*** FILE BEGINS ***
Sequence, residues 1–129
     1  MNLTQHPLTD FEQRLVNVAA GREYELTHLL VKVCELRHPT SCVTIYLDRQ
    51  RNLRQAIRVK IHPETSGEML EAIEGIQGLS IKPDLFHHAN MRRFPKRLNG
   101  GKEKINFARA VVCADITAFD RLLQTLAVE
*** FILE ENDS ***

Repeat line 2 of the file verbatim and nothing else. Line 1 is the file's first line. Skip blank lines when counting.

     1  MNLTQHPLTD FEQRLVNVAA GREYELTHLL VKVCELRHPT SCVTIYLDRQ